What is AH-7921?
AH-7921 is a man-made (synthetic) opioid (an opium) or heroin like drug. Like all opioids it can reduce feelings of pain and can produce feelings of euphoria, relaxation and sleepiness. But it has been linked to a number of deaths across Europe, including in the UK.
AH-7921 was developed by a pharmaceutical company in the 1970s, with animal tests establishing that it is similar to morphine.
However, research into AH-7921 never progressed to human tests and there is no published research on its effects and toxicity on humans.
AH-7921 is normally available as a white powder.
How do people take AH-7921?
As a powder AH-7921 could be snorted or ‘bombed’ (rolled up in a cigarette paper and swallowed) or placed under the tongue. There have also been reports that people have used AH-7921 by putting it up their bum or by injecting it.
What are the effects of AH-7921?
As with all opiates the effects of taking AH-7921 include:
- Pain relief,
- Euphoria or well-being,
- Relaxation, and
Users have also reported occasional itching, nausea and tremors.
What are the risks of taking AH-7921?
As AH-7921 is an opiate the risks and side-effects from taking it include:
- Nausea and retching.
- Dizziness or fainting.
- Suppression of normal breathing, and risk of respiratory arrest (when you stop breathing altogether).
- There is a greater risk of overdose and death if you mix AH-7921 with other drugs that suppress breathing such as alcohol, benzodiazepines (like diazepam or Valium), and/or other opiate drugs (like heroin).
- If you inject AH-7921 you can do nasty damage to your veins and arteries, and this can lead to gangrene (death of body tissue, usually a finger, toe or a limb), blood clots/thromboses and to infections.
- There are also risks from sharing needles, syringes and other equipment used for injecting – with the danger of developing serious tissue infections or sharing viral infections like hepatitis B, hepatitis C or HIV.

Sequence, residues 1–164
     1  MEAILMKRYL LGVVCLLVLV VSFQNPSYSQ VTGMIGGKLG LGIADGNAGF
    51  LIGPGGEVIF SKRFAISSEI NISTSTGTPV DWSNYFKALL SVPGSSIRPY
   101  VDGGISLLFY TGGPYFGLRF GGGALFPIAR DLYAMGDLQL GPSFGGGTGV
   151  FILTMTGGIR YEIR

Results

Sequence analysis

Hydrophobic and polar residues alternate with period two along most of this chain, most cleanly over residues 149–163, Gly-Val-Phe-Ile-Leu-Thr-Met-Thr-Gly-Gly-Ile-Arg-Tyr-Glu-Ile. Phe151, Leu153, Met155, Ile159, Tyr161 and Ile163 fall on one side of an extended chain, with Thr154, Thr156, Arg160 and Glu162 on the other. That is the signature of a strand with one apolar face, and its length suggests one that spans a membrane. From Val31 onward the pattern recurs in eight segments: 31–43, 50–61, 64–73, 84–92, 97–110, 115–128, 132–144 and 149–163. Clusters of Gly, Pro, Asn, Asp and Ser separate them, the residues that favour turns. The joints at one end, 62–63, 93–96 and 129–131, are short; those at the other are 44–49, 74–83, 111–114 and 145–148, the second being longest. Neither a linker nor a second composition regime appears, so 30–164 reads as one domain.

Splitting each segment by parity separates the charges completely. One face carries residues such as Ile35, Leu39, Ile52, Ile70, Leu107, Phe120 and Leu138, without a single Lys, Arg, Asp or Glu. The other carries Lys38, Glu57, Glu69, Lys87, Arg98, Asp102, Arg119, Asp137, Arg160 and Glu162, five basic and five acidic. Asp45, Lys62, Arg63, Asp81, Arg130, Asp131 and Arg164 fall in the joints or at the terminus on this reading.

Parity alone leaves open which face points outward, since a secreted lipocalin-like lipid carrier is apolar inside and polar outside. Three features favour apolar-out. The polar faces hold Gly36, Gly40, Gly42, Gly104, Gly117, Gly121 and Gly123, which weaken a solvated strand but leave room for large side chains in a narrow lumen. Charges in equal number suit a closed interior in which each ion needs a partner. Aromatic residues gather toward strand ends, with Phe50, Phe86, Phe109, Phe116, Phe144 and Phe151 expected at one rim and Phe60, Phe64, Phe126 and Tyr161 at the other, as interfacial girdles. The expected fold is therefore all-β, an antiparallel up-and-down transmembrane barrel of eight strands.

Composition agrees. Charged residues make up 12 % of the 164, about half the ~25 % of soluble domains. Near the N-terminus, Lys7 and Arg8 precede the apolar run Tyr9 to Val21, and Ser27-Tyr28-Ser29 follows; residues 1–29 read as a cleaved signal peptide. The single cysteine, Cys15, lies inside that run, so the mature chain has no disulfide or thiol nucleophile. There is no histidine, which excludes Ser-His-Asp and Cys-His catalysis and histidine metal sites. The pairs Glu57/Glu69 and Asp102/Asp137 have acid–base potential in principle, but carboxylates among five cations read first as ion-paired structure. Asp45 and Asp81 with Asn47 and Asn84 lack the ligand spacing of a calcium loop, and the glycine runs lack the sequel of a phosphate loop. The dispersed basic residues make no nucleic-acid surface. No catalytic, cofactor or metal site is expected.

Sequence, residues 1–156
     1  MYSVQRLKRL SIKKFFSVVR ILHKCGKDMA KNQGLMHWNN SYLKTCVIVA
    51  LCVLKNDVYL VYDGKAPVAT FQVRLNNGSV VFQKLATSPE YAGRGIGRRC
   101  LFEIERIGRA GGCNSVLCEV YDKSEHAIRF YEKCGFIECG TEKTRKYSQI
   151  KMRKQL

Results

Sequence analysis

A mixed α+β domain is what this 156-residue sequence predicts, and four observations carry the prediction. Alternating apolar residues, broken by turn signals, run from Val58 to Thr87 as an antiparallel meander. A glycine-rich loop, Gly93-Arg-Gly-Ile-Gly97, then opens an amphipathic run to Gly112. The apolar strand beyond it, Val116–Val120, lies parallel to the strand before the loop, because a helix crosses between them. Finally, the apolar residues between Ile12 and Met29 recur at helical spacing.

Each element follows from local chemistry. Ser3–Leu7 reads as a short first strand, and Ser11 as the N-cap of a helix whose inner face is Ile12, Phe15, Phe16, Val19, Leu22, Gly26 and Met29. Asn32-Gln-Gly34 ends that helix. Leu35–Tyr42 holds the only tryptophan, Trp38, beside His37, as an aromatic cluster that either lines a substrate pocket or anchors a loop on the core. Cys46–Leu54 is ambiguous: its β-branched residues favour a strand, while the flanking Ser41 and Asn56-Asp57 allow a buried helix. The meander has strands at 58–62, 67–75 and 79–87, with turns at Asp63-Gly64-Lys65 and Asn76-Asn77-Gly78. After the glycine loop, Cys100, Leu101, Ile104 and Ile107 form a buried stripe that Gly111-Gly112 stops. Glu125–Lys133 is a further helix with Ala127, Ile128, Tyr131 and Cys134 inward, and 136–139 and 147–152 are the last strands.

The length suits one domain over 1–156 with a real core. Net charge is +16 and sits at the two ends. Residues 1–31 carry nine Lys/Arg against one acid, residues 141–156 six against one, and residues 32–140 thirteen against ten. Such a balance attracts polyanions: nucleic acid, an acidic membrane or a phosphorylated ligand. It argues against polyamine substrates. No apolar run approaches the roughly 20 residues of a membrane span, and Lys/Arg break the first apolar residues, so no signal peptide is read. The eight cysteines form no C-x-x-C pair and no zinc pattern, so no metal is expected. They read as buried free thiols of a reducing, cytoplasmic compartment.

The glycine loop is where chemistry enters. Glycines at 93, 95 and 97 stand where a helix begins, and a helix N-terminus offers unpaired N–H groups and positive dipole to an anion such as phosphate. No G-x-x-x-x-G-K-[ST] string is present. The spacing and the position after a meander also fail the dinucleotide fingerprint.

AH-7921 and alcohol
Mixing any opiate with alcohol, or with other sedatives such as benzodiazepines, can have serious consequences: an overdose is more likely, and this can lead to a coma or respiratory failure and death.
FRANK is currently not aware of any evidence that shows that AH-7921 is being cut (having powders added to bulk them up and increase profits) or that it has been contaminated during production and shipment.
However, just because AH-7921 isn’t illegal, doesn’t mean you can be sure of what you are actually buying. The AH-7921 you buy could be mixed with other ‘legal highs’ or an illegal drug; testing of other ‘legal highs’ has shown that they sometimes contain additional substances which are illegal.
Can you get addicted to AH-7921?
Animal testing and user reports suggest that, as with other opiates, you can build a tolerance and become dependent to AH-7921.
AH-7921 and the law
AH-7921 became a Class A drug In January 2015. This means that it is illegal to have for yourself, give away or sell:
•Possession of AH-7921 can get you up to seven years in jail and/or an unlimited fine.
•Supplying someone else, even your friends, with AH-7921 can get you up to life imprisonment and/or an unlimited fine.
If the Police catch you with AH-7921, they’ll always take some action. This could include a formal caution, arrest and prosecution.
Did you know?
- Mixing drugs with driving is illegal and can be very dangerous. It may lead to you having an accident and injuring yourself or your friends.
- You could still be unfit to drive the day after using AH-7921.
- You can get a heavy fine, be disqualified from driving or even go to prison if you take AH-7921 and it affects how you drive.